- CVS Health outpaced analysts' expectations for first-quarter earnings and revenue.
- The health-care company raised its full-year earnings forecast.
- The drugstore chain faced challenging year-over-year comparisons in its retail business due to stock-ups in March 2020, but Covid-19 vaccinations and testing gave its revenue a boost.
CVS Health reported a strong first quarter and raised its full-year forecast, as customers came to its stores for Covid-19 vaccinations, tests and prescriptions.
The company has been a major provider of Covid-19 vaccines and recently began offering same-day appointments for the shots.
Shares of the company were up nearly 3% early Tuesday in premarket trading.
Here's what the company reported for the fiscal first quarter ended March 31, compared with what analysts were expecting, based on a survey of analysts by Refinitiv:
- Earnings per share: $2.04, adjusted vs. $1.72 expected
- Revenue: $69.1 billion vs. $68.39 billion expected
The health-care company and drugstore chain reported net income of $2.22 billion, or $1.68 per share, up from $2.01 billion, or $1.53 per share, a year earlier.
Excluding items, it earned $2.04 per share, more than the $1.72 per share expected by analysts surveyed by Refinitiv.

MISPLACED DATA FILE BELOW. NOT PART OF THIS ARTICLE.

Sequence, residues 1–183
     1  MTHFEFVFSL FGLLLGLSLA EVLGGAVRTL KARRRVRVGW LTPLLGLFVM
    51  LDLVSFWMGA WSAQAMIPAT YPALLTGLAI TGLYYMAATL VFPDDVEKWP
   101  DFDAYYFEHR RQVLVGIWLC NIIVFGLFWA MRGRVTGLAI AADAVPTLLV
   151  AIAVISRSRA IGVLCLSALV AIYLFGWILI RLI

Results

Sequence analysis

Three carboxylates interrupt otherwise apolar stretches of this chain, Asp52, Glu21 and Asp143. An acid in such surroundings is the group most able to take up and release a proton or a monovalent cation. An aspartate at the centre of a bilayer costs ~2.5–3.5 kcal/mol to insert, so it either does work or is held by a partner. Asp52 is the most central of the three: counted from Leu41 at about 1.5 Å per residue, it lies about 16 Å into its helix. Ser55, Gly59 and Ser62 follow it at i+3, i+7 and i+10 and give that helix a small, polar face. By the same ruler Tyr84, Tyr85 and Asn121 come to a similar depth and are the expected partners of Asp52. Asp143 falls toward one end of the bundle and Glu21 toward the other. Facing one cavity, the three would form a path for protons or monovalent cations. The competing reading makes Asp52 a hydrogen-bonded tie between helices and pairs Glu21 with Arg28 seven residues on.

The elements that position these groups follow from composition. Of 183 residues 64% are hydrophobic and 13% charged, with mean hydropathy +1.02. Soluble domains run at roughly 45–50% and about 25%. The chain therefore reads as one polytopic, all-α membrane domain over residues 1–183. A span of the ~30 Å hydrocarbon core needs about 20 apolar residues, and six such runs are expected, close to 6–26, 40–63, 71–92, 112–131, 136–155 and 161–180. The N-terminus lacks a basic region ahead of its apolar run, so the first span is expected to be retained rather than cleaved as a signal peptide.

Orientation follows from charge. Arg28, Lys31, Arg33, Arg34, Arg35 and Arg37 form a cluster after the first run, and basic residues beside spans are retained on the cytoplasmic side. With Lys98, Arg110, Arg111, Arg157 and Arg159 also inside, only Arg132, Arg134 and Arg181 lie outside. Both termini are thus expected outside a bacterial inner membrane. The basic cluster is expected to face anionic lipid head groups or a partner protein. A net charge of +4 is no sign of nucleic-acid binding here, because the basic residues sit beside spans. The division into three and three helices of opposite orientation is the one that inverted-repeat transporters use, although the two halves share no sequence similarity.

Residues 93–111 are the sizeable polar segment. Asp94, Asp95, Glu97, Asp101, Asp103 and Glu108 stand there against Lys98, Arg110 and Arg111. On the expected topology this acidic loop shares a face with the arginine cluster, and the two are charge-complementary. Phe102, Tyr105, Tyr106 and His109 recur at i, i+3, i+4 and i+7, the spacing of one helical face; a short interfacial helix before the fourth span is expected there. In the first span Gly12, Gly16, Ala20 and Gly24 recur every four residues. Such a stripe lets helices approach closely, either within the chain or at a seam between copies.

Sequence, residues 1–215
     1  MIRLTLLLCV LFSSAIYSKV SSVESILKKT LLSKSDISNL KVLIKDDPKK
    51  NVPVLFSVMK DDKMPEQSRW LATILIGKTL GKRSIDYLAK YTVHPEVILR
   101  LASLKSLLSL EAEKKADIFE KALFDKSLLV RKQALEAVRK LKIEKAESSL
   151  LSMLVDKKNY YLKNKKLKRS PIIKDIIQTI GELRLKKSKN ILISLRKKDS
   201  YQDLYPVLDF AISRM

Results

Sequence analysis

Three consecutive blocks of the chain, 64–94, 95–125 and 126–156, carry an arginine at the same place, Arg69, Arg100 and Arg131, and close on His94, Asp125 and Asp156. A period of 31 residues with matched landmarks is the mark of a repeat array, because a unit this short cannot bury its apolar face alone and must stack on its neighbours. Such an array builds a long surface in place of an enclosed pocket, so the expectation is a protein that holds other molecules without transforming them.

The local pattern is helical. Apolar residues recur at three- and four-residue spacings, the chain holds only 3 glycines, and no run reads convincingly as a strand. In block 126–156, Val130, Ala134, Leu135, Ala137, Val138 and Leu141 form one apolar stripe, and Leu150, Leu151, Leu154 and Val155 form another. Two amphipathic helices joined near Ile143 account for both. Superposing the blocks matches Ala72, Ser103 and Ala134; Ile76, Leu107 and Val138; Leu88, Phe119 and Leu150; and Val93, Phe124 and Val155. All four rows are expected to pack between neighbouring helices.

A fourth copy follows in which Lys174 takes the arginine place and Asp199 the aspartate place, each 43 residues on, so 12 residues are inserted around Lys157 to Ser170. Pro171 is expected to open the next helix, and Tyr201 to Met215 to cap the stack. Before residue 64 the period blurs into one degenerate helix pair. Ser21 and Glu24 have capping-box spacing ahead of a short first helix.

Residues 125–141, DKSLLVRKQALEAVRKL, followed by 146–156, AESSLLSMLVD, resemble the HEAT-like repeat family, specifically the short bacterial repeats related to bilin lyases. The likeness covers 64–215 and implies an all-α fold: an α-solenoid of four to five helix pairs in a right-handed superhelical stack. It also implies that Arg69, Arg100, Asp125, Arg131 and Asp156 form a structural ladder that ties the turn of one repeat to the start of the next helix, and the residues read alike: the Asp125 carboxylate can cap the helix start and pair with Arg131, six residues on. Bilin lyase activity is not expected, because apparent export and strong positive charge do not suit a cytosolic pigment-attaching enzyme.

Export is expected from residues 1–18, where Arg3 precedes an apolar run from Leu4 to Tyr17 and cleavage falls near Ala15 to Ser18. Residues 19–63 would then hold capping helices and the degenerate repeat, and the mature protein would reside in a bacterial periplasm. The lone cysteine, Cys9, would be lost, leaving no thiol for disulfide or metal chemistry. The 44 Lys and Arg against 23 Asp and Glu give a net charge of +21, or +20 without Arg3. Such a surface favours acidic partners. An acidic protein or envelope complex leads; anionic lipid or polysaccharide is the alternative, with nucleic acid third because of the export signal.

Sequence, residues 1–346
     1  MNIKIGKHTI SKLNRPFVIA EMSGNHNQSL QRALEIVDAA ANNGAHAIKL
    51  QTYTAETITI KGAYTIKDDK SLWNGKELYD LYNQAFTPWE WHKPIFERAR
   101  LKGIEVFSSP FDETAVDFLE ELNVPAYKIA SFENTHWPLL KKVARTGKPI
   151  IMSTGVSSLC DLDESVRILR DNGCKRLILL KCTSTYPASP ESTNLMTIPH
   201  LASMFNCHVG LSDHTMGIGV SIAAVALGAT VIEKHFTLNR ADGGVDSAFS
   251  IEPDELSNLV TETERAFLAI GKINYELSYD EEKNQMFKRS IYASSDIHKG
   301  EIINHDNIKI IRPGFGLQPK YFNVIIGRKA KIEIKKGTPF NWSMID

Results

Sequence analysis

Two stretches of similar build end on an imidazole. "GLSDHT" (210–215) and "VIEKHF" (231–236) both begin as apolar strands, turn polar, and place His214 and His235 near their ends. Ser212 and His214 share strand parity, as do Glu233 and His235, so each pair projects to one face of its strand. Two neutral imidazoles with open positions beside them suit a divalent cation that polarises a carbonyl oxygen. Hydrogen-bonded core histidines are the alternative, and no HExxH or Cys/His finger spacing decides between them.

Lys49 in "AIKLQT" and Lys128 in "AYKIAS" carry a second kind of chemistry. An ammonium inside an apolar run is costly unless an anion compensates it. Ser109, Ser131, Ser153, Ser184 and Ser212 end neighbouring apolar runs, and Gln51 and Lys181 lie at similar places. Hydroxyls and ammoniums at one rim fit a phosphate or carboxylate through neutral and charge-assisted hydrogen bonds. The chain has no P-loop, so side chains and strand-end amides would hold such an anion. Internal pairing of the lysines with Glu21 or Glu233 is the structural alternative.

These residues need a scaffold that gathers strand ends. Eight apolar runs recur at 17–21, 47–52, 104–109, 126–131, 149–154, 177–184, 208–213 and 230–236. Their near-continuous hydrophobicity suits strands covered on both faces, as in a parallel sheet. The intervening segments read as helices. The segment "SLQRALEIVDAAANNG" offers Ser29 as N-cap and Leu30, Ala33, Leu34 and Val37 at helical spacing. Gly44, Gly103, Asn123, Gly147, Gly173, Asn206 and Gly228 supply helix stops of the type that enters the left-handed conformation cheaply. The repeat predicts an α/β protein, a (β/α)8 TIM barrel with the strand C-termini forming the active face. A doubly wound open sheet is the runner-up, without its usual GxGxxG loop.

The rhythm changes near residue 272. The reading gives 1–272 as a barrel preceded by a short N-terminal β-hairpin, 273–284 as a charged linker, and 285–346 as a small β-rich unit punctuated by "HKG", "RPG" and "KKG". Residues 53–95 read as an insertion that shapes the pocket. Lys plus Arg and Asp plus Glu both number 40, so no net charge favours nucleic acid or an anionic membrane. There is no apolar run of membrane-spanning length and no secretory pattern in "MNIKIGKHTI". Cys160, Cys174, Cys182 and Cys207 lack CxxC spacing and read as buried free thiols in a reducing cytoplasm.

Revenue rose to $69.1 billion from $66.8 billion a year earlier. That outpaced analysts' expectations of $68.39 billion.
The company raised its guidance for the year. It said it expects 2021 earnings will range between $6.24 to $6.36 per share, but after adjustments it expects to earn between $7.56 to $7.68 per share.
It reiterated that its full-year cash flow from operations is projected to range between $12 billion to $12.5 billion.
The drugstore chain faced challenging year-over-year comparisons in the quarter in its retail business. During the same period a year prior, customers rushed to fill prescriptions early and stock up on other health-care and personal care items prior to shelter-in-place orders. Virtual visits and home deliveries of prescriptions spiked — and customers tossed more items from the front of the store such as soap and shampoo into their baskets in stores and online.
CVS said Tuesday that it had lower front store sales in the first quarter of this year than a year ago because of accelerated demand in March 2020 and a weak cough, cold and flu season.
Same-store sales across its pharmacy and front store combined were up just 0.4% compared with growth of 9% a year ago. Same-store sales for the front store fell 11.4%.
However, it said its revenue got a lift from Covid-19 testing and vaccinations. It's given the shots at its stores and at long-term care facilities. It said prescriptions filled were about the same for the quarter a year prior on a 30-day equivalent basis.
As of Monday's close, shares of CVS were up nearly 14% this year. They closed at $77.69 on Monday, bringing the company's market value to $101.97 billion.
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